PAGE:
If you are considering filing for bankruptcy, doing some pre-bankruptcy planning can maximize your exemptions and increase the amount of property you get to keep. Exemption planning can range from timing your bankruptcy filing to converting your nonexempt assets into exempt ones. It is usually permissible to engage in a certain amount of exemption planning prior to filing. However, be aware that if you do it to excess or with the intent to defraud your creditors, it may be considered fraud. Read on to learn more about what you can do to maximize your exemptions in bankruptcy.
To learn about bankruptcy exemptions and how they protect your property, see our Bankruptcy Exemptions topic area.
Each state, and the federal system, has its own unique set of bankruptcy exemptions. Certain states offer you a choice between state and federal bankruptcy exemptions. However, most states require you to use state exemptions. If you have a choice, review both sets of exemptions and use the one that allows you to protect more of your assets (you cannot mix and match between the two systems). To find out if your state allow you to use the federal bankruptcy exemptions, and that is exempted in the federal scheme, see The Federal Bankruptcy Exemptions.)
addition, exemption planning can be even more important if you recently
moved to a new state. This is because you normally need to be domiciled
(permanently residing) in a state continuously for two years before you
can use its exemptions. If you moved within the last two years, you may
be required to use your prior state’s exemptions. To learn the details
of these domicile rules, see Which Exemptions Can You Use in Bankruptcy?
Depending on each state’s exemption laws, you may need to file quickly to take advantage of your old state’s exemptions (after two years you will be required to use the new state’s exemptions) or delay your bankruptcy until you are eligible to use the exemption system of your new state. As a result, consider reviewing each state’s exemptions prior to filing and time your bankruptcy accordingly. (To find the exemptions in each of the 50 states, click on your state in Bankruptcy Information for Your State.)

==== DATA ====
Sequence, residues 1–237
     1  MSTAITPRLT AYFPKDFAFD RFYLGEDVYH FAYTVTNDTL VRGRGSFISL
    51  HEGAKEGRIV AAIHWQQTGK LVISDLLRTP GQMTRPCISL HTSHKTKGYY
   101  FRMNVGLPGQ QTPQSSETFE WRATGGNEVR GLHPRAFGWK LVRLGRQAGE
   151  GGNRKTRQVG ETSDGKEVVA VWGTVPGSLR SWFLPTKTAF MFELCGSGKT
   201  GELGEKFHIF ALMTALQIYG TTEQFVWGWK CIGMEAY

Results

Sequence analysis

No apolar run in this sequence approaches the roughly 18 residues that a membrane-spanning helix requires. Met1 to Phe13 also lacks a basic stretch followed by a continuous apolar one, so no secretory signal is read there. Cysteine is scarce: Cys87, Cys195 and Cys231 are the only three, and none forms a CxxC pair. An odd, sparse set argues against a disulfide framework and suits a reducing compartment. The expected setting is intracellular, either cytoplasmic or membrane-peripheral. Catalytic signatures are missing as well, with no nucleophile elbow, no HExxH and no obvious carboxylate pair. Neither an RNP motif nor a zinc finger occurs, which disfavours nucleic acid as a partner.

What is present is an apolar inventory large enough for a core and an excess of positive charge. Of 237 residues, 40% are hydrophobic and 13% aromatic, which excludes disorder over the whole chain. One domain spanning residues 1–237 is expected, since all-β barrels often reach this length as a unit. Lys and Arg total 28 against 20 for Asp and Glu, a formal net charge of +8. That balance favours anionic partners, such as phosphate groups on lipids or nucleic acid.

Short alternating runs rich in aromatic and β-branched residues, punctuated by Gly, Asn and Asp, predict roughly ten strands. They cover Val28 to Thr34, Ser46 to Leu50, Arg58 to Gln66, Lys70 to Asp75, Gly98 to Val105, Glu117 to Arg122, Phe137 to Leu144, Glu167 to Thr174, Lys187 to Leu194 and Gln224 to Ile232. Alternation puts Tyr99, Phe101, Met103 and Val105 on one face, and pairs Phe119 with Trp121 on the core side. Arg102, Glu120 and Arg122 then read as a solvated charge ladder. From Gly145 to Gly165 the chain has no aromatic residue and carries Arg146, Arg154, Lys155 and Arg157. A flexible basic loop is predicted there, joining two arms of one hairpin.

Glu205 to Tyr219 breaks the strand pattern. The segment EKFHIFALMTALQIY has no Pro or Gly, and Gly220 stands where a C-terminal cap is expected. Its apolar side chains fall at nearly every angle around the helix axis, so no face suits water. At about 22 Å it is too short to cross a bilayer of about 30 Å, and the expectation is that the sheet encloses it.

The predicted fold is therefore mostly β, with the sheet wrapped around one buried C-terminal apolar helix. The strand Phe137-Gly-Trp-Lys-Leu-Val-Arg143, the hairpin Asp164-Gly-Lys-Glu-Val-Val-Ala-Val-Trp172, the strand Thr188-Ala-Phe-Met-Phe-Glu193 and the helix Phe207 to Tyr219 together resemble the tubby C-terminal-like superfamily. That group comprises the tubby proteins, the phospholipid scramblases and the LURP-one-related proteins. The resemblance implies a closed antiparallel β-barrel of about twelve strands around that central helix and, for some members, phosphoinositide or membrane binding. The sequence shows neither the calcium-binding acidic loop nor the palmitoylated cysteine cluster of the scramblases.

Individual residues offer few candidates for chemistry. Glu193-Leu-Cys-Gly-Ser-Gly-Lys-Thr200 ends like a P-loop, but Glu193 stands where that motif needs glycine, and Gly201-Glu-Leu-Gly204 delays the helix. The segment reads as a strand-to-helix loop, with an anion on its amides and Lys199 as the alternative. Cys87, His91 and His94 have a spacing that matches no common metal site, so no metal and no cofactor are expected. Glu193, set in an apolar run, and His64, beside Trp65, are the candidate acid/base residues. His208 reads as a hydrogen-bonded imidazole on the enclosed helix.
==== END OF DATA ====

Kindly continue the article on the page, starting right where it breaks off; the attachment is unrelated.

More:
In some states, you may need to follow certain procedures or file additional documents before you can take advantage of particular exemptions in bankruptcy. For example, certain states require you to file or record a homestead declaration before you can use their homestead exemption. Prior to filing your bankruptcy, make sure to review and follow all of your state’s rules regarding its exemptions.
To find out if your state requires a homestead declaration, see The Homestead Exemption in Bankruptcy, and click on the article that pertains to your state.
If you own nonexempt assets but you still have unused exemptions, you may be able to sell or exchange some of your nonexempt property for things you can exempt. Reorganizing your assets to take full advantage of your exemptions is permissible if done within reason.
For example, if you have more money in the bank than you can exempt, you can spend it on food, clothing, or other necessities for you and your family prior to filing your bankruptcy. Also, you may be able to purchase exempt assets with the proceeds you receive from selling your nonexempt property.
However, conversion of nonexempt property into exempt assets should not be excessive or egregious. Courts have differing opinions on when this type of exemption planning can rise to the level of bankruptcy fraud. When evaluating your actions, courts generally consider whether you tried to hide the conversion, when it took place, and the value of the assets involved. Since each jurisdiction is different, consider talking to a knowledgeable bankruptcy attorney in your area before converting your nonexempt assets into exempt ones prior to bankruptcy. To find a bankruptcy attorney in your area, visit Nolo's Lawyer Directory.
Exemption planning is also important if you are entitled to money or another asset but have not yet received it. This is because property you are entitled to is considered part of your bankruptcy estate even if you haven’t received it. The most common example of this is your tax refund.
If you are going to get a sizeable refund and you can’t exempt it in your bankruptcy, consider delaying your filing until you receive the refund and spend it. You can usually spend your refund on things like food, clothing, or rent before you file your bankruptcy. Otherwise, the bankruptcy trustee will take your nonexempt refund and distribute it to your creditors.
Learn more about delaying your bankruptcy to protect a tax refund.
To learn more about what to consider before you file for bankruptcy, see Bankruptcy Filing Considerations & Prebankruptcy Planning.